Even when abuse doesn’t leave a bruise, it still leaves a mark

image As many of you know, I’m a firm believer in the power and importance of humor in our lives. I think of what I do as a columnist as more than just trying to get a laugh or two; it’s contributing what I can to others in the best way I know how. Let’s face it: If my contribution was something like medicine instead of humor, a lot of people would die. But from time to time I get the privilege of sharing a more serious side of myself. Today, I’m joining other men in my community who have been asked to write about Domestic Violence Awareness as part of a special publication by our local shelter for victims of abuse. I join our police chief, chamber of commerce director and others in supporting victims — in my case, particularly those who are too young to understand that love should never go hand-in-hand with any form of violence…


There’s a line from the Chris Farley comedy “Tommy Boy” that has woven its way into our cultural vernacular. It comes after his friend Richard whacks him with a bat. Before Tommy passes out, he goes a little cross-eyed and says matter-of-factly, “That’s gonna leave a mark,” then crumples to the ground. Even before there’s any bruising or swelling, Tommy already knows what’s to come. The same can be said for victims of domestic violence and physically abusive relationships; they begin to recognize certain patterns in behavior and attitude that are precursors to violence. Sometimes that knowledge can help them defuse a situation; many times it can’t. And when the violence begins, there’s no stopping what’s to come.

But what about when the abuse doesn’t leave a mark or a bruise? When the violence doesn’t come from a clenched fist but, instead, from between clenched teeth in words that berate, belittle and defeat the victim from the inside. While they may not leave any visible bruising, the marks left on the victim’s psyche wound just as deeply. And when children are involved — whether directly or indirectly — they often carry those marks into their own lives as they come to define themselves, their choice in friends and how they handle their future relationships.

As parents, we have a dual responsibility to our children. The first is to encourage and support them to become their own person by being a sounding board for their ideas, a confidant for their wishes and a consistent enforcer of the rules that help guide them. Secondly — and by that, I only mean the second side of the same coin — we must be the example of what it means to value, respect and appreciate those who we say we love.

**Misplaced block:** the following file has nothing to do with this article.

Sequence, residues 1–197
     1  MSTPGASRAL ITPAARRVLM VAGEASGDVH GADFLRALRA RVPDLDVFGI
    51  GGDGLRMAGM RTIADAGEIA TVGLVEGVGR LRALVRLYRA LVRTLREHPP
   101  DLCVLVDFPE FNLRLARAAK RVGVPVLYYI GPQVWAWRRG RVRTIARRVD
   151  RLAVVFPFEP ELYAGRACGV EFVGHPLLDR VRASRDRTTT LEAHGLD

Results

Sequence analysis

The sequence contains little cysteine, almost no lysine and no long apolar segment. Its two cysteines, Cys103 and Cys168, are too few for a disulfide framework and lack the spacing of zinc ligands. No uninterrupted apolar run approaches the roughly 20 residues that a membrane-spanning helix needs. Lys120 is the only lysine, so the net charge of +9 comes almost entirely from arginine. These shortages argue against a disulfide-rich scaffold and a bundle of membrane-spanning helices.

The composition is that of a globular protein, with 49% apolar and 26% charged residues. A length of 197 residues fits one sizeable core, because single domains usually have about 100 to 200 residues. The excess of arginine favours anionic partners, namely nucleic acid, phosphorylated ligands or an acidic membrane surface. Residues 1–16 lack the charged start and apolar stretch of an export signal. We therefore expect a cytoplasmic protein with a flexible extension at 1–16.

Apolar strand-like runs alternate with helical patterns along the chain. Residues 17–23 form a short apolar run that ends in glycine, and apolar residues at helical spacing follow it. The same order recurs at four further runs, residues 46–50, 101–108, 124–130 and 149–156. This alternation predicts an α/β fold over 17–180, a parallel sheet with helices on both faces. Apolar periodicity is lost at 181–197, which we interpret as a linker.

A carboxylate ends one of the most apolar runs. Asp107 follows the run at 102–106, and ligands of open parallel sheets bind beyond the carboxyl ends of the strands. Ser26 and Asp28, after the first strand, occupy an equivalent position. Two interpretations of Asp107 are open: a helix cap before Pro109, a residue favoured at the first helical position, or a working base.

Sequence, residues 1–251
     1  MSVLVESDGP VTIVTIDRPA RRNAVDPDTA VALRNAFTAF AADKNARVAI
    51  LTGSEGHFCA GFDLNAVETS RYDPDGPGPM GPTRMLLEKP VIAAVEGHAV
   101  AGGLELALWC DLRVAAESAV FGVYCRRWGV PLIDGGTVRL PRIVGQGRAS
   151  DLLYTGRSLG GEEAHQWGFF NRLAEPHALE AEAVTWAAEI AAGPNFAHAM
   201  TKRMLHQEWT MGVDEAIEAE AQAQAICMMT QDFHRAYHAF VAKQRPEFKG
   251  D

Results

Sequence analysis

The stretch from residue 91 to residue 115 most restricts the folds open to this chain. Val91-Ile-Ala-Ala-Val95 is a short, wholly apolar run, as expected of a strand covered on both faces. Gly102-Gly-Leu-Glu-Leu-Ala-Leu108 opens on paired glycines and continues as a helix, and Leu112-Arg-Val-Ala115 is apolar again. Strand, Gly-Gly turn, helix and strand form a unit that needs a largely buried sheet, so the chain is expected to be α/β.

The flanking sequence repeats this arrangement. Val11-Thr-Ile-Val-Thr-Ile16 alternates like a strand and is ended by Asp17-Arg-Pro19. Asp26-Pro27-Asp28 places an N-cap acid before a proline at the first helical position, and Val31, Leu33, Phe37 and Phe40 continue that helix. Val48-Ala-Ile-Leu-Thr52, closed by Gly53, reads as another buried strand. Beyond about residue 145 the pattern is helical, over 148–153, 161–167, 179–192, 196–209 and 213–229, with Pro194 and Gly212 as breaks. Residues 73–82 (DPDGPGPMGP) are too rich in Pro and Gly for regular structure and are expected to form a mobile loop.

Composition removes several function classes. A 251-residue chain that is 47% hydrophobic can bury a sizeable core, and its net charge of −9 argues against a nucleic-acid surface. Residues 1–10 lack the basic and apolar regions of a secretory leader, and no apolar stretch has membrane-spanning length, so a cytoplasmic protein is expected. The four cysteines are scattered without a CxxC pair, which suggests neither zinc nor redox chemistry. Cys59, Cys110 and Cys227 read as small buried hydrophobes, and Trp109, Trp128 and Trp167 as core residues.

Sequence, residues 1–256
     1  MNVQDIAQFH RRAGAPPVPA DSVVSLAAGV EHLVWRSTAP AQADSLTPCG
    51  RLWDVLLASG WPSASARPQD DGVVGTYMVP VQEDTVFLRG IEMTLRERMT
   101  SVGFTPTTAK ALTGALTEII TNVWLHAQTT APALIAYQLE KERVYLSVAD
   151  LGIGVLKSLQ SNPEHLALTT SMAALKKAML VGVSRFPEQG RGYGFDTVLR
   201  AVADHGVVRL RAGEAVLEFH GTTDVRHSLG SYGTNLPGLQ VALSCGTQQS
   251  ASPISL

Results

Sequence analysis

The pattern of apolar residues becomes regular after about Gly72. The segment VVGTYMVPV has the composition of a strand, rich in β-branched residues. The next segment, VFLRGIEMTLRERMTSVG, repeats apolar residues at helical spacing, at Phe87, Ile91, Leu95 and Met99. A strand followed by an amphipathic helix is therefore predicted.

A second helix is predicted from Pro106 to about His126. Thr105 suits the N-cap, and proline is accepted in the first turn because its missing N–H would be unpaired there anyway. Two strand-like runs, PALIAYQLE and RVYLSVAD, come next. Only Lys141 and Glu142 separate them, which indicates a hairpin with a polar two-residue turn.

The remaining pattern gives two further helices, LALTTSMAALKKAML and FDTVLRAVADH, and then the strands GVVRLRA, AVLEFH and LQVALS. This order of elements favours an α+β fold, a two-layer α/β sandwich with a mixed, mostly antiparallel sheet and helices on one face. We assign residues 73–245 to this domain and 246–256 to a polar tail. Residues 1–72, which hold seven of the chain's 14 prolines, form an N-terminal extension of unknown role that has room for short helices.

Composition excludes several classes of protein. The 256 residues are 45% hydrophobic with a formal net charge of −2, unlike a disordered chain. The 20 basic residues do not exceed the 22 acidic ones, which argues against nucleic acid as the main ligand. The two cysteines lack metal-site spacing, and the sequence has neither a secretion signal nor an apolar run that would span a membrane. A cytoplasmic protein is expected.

Notice I said “those who we say we love.” Plenty of abusers profess their love as well as deep regret after extreme physical and verbal abuse to those who they say they love. For victims of abuse, this unpredictability becomes another means of control by their abuser, who can then dispense feelings of guilt should their victim hesitate to forgive. In most cases, forgiveness becomes nothing more than a welcome, albeit temporary, reprieve in an endless cycle of abuse.

For children, seeing this sends a dangerous mixed message: Love goes hand-in-hand with violence, indifference and the need to dominate or control those who you say you love.

That’s why our second responsibility as parents — being an example of what it means to value, respect and appreciate those who we say we love — is anything but secondary. It means not just saying the right words, but also showing that we care by demonstrating our support and commitment to those we say we love through our actions — none of which should ever include verbal or physical violence.

Doing that is the only way to truly leave the kind of mark that will end the cycle of abuse.

Representing my fellow fire department volunteers, along with Siuslaw Outreach Services executive director David Wiegan, assistant football coach Bob Teeter and team members, we march to show support for victims of abuse and the importance of awareness in every community.
Representing my fellow volunteers at Siuslaw Valley Fire and Rescue, I joined Siuslaw Outreach Services’ executive director David Wiegan, assistant football coach Bob Teter and his team walking in support of victims of abuse and the importance of awareness.
Domestic abuse unfortunately resides in every community, no matter its size — just like it's victims.
Unfortunately, domestic abuse resides in every community, no matter its size — much like it’s victims. Like these folks in my community, please show support in your own community for those who need it most.
With Lt. John Pitcher at this year's march. We may not agree on what's better, donuts or 5-alarm chili, but ending domestic violence is definitely common ground...
With Lt. John Pitcher at this year’s march. We may not agree on what’s better, donuts or 5-alarm chili, but ending domestic violence is definitely common ground.

When October is over, and the spotlight is no longer on raising awareness of domestic violence, please continue to show your support for its victims and the need for awareness — of its consequences as well as where to get help.

Thank you!

— Ned

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Ned's Blog

I was a journalist, humor columnist, writer and editor at Siuslaw News for 23 years. The next chapter in my own writer’s journey is helping other writers prepare their manuscript for the road ahead. I'm married to the perfect woman, have four great kids, and a tenuous grip on my sanity...